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Blandings Castle is dysfunction junction, the home of a chaotic family struggling to keep itself in order. Clarence Threepwood, Ninth Earl of Emsworth and master of Blandings Castle, yearns... See full summary »
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2014   2013  

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 Lord Clarence Emsworth 13 episodes, 2013-2014
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 Connie, Lady Keeble 13 episodes, 2013-2014
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 Freddie Threepwood 13 episodes, 2013-2014
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 Sebastian Beach 6 episodes, 2013
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Blandings Castle is dysfunction junction, the home of a chaotic family struggling to keep itself in order. Clarence Threepwood, Ninth Earl of Emsworth and master of Blandings Castle, yearns with all his soul to be left in peace; preferably in the company of his beloved pig, The Empress. But he never is. There is always someone who wants him to do something. Presiding over the blitzkrieg on his equilibrium is the baleful figure of his sister Connie, with whom he shares the house; at her shoulder is Clarence's brainless younger son Freddie and a panoply of friends, enemies, servants, spongers, private detectives, bookies and confidence tricksters Written by Guy Andrews

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Comedy

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13 January 2013 (UK)  »

Also Known As:

PG Wodehouse's Blandings  »

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Featured in The Wright Stuff: Episode #18.5 (2013) See more »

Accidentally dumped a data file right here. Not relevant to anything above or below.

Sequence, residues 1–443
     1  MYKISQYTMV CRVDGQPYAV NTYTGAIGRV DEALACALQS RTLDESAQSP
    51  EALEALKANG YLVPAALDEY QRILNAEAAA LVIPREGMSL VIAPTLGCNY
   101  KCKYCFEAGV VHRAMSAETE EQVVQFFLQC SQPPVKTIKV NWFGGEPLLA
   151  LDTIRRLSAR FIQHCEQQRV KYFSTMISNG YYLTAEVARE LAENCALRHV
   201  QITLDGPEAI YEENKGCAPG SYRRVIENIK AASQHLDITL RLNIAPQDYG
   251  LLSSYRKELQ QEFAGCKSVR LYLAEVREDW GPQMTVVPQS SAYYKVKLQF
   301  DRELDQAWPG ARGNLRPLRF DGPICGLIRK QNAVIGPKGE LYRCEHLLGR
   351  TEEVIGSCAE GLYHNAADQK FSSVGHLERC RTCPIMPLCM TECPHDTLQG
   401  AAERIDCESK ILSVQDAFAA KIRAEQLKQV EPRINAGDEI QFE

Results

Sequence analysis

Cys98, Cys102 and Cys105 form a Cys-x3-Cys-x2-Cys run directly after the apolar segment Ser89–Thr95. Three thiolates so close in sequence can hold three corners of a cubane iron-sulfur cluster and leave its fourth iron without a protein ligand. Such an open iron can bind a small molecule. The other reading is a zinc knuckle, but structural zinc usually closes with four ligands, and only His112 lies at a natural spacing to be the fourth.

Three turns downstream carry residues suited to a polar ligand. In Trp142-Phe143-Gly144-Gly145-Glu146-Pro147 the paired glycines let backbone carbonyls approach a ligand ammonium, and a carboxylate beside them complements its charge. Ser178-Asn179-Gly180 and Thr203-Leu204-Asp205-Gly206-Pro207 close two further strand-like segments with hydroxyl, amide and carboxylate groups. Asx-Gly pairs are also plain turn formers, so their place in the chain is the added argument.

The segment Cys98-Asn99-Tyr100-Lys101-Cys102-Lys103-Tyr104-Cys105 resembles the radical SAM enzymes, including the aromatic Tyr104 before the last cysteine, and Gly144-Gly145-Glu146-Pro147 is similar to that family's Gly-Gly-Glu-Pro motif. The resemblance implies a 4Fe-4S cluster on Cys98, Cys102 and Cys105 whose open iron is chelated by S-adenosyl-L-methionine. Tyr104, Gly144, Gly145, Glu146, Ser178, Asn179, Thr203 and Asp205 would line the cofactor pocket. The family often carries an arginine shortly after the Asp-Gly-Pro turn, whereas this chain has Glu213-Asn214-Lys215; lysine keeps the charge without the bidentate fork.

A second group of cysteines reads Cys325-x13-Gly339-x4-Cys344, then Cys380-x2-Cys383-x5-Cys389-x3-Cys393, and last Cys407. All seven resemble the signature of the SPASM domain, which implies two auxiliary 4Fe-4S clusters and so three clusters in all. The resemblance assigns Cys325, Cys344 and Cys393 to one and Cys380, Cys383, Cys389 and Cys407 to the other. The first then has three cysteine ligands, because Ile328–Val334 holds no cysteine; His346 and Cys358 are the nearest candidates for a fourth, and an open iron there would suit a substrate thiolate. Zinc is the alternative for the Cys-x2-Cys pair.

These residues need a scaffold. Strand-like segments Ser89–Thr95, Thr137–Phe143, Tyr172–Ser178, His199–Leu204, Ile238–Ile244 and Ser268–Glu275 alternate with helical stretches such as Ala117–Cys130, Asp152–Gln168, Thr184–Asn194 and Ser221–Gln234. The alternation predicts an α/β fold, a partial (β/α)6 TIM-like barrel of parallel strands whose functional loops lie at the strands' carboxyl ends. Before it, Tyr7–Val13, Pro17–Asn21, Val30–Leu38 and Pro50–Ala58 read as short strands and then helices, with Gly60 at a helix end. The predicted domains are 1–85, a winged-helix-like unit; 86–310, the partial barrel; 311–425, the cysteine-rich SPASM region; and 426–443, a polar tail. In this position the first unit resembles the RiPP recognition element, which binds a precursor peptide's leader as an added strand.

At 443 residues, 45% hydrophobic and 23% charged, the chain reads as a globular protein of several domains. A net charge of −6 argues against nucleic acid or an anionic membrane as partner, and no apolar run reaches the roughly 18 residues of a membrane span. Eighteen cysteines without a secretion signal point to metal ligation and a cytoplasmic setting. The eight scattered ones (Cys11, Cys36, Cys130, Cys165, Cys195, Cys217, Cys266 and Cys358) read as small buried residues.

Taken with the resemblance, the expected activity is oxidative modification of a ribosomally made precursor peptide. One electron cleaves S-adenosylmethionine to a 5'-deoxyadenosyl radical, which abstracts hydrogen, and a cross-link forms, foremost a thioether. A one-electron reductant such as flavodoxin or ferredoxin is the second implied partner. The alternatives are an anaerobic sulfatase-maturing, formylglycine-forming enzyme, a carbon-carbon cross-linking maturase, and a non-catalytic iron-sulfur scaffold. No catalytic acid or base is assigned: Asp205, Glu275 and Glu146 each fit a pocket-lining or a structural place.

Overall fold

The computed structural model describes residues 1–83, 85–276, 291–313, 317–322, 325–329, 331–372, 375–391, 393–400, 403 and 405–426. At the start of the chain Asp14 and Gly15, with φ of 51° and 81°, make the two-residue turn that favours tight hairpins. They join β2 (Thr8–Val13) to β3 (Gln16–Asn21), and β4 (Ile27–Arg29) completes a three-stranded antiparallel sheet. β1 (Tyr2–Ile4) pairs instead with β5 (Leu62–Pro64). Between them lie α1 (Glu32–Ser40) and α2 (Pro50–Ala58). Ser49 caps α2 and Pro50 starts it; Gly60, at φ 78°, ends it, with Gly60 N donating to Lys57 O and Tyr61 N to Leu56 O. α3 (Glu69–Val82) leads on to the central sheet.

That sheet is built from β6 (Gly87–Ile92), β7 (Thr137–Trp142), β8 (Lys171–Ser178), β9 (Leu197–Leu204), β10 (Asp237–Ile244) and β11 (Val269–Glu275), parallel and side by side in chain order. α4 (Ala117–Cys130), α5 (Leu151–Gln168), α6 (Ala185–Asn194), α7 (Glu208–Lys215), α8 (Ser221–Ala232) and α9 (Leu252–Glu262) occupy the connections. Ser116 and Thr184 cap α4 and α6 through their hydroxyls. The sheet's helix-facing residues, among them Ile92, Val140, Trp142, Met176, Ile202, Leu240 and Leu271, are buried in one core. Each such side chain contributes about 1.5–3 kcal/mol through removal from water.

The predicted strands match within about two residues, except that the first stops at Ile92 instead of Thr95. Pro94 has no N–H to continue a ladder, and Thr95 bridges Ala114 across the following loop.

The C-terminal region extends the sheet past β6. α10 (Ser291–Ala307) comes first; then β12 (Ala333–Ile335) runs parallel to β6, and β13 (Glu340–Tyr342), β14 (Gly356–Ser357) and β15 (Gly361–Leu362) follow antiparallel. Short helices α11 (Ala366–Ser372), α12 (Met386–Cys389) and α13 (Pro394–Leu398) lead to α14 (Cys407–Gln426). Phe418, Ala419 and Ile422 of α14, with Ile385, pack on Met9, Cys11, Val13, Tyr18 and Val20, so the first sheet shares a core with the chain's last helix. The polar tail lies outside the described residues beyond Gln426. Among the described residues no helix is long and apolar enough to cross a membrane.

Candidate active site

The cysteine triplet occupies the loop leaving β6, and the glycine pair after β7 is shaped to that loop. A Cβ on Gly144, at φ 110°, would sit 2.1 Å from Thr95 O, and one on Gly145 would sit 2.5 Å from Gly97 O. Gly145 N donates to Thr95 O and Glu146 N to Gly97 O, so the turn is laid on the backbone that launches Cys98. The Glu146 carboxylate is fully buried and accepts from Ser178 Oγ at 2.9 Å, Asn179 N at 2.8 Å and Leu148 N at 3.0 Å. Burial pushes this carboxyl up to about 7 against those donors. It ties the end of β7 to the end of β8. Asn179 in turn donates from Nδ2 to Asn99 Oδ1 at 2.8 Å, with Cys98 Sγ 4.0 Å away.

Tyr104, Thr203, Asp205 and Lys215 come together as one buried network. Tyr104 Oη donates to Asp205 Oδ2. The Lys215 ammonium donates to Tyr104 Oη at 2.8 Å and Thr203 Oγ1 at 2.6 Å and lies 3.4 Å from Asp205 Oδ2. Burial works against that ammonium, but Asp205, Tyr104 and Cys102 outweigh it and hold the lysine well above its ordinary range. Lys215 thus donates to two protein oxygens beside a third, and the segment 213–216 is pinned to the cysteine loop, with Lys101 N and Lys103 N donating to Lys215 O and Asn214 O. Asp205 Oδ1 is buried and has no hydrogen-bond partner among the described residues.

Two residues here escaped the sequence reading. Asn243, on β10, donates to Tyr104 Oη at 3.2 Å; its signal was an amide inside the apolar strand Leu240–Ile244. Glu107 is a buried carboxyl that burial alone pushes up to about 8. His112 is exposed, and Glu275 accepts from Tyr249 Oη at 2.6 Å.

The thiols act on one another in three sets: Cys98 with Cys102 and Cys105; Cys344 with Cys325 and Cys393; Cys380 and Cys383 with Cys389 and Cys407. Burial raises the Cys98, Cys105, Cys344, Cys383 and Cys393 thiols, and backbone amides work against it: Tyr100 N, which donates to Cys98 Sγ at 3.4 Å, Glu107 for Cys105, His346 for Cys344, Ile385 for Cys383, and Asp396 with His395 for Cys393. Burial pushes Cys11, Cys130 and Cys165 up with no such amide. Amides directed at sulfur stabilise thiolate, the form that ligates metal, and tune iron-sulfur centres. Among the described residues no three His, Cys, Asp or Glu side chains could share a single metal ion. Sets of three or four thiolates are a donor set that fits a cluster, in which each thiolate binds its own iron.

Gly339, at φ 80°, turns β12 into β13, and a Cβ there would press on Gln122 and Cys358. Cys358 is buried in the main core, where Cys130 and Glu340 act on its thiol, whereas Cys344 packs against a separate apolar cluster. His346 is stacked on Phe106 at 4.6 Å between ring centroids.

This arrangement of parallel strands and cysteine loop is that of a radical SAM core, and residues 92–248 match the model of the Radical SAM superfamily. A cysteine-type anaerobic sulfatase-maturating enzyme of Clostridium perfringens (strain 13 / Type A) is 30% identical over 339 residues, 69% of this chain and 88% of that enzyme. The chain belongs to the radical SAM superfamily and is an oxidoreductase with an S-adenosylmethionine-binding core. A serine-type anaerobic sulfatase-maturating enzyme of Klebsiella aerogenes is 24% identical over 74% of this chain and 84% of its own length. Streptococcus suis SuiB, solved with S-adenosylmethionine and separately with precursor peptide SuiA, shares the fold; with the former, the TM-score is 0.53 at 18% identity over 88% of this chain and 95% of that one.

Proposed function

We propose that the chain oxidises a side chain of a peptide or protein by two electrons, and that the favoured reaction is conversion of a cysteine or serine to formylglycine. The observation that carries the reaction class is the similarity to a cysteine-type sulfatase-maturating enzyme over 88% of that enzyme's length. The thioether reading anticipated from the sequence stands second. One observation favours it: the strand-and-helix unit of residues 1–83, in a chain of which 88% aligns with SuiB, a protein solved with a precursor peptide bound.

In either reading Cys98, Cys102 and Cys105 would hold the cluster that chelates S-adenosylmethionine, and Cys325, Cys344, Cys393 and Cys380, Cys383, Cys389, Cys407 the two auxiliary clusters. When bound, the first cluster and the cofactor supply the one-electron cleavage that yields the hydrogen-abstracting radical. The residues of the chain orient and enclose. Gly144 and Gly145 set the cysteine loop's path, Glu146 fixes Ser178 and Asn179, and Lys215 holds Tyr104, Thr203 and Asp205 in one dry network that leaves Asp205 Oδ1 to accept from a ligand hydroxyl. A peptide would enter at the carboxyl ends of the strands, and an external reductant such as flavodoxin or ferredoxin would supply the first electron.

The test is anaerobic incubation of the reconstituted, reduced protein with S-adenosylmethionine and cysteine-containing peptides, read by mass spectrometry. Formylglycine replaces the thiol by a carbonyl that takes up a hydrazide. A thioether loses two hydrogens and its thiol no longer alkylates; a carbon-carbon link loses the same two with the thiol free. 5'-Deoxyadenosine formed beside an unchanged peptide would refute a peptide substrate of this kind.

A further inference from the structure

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User Reviews

Blandings (BBC1) - Review
22 January 2013 | by See all my reviews

When the brilliant and inspired Stephen Fry and Hugh Laurie did PG Wodehouse's "Jeeves & Wooster" in the 1990's it was a pure joy. Because they didn't appear to be acting. They seemed to somehow miraculously become those two characters. You couldn't see the strings.

The complete opposite is true of the BBC's new six-part adaptation of PG Wodehouse's Blandings Castle stories. As Lord Emsworth, Timothy Spall does little but put on a posh voice and dig in, like a knackered old repertory company actor playing Toad of Toad Hall for the umpteenth time, in yet another tatty production of Wind in the Willows.

As Emsworth's sister Connie, Jennifer Saunders looks equally bored and uninterested, as if she's hurriedly learned the lines for a quickie PG Wodehouse sketch in an episode of French & Saunders.

Worst of all is Jack Farthing as the idiot son Freddie. His upper class accent is about as convincing as a first year American drama student auditioning to play all the Hugh Laurie parts in a bad remake of Blackadder.

Farthing's on-screen strategy appears to be to pull as many stupid grimaces as possible, bump into the furniture, fall over, and hope for the best.

The only member of the company who isn't dismally miscast is Mark Williams, who's Beach the Butler is neatly underplayed, nicely observed, and completely believable – standing head and shoulders above the surrounding gaggle of tiresome, stereotyped, phone-it-in actors.

The pig is good. Very good. His flat, upturned nose can't help but put me in mind of Kevin Bacon (No pun intended. A genuine, physical similarity that is undoubtedly worth pointing out.) Blandings' early evening, weekend time slot makes me wonder just exactly who the target audience are intended to be. The poor slapstick and semi-Pantomine style appear to be aimed at a younger audience. Chuckle Brothers meets Downton Abbey? Yet that age group's unfamiliarity with the Wodehouse genre would surely only lead to utter confusion and bewilderment. I know Wodehouse pretty well and it left me cold.

The only thing that made me laugh during the whole of the first two episodes was the thought of a couple of streetwise urban teenagers accidentally switching on to Blandings and fruitlessly trying to work out who these people were, and what the hell they were all on about. I will not be returning a third time to this particular crumbling pile.

Read more TV reviews at Mouthbox.co.uk


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